First of all, there is the growth of the publishing companies in general. Marvel and DC, as businesses, have grown by leaps and bounds. That means they can run small but risky ventures without suffering a big loss if it doesn't turn out as expected. When they want to test the waters for a new character, instead of publishing an ongoing anthology tale, which requires multiple writers, artists, and editors, they can just release a one-shot or mini-series instead. Additionally, in the collector bubble of the late 80's and early 90's, and still to this very day, a brand new #1 issue sold infinitely more than any anthology issue.

This also keeps fans content, because the smaller characters are still being published, and the companies get to shelve the character after the mini or one-shot is over without fear of it getting stale or launching a doomed ongoing series. It goes along with the direct-market system that we are all accustomed to as well. Instead of trying to cater an anthology to a wider audience (which can lead to mixed results), companies can instead just publish something that will surely be bought by a smaller base of fans.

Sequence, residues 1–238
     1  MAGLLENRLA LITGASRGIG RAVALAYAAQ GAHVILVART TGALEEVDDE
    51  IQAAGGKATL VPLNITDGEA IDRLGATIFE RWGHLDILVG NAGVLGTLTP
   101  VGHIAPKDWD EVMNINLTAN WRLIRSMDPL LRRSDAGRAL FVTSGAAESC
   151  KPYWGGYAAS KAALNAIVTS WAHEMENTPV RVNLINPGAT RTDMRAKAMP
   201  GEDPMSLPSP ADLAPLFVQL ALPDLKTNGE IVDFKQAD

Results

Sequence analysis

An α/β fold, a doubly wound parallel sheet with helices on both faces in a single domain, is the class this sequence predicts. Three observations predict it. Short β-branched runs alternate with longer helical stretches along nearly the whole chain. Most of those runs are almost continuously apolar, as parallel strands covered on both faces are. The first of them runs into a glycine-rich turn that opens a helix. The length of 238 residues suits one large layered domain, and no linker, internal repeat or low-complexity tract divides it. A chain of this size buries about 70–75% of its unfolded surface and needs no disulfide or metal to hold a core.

Secondly, the rise of the Internet means that today's comic book fans have a more in-depth knowledge of just about everything. You can learn all there is to know about a character with a quick click of your mouse, read reviews of issues days before it hits the shops, and see all of a creator's previous work in a matter of seconds. That last item is going to become increasingly more important, as more and more creators upload their material online and develop an established fan base before any of their work is published in a physical format.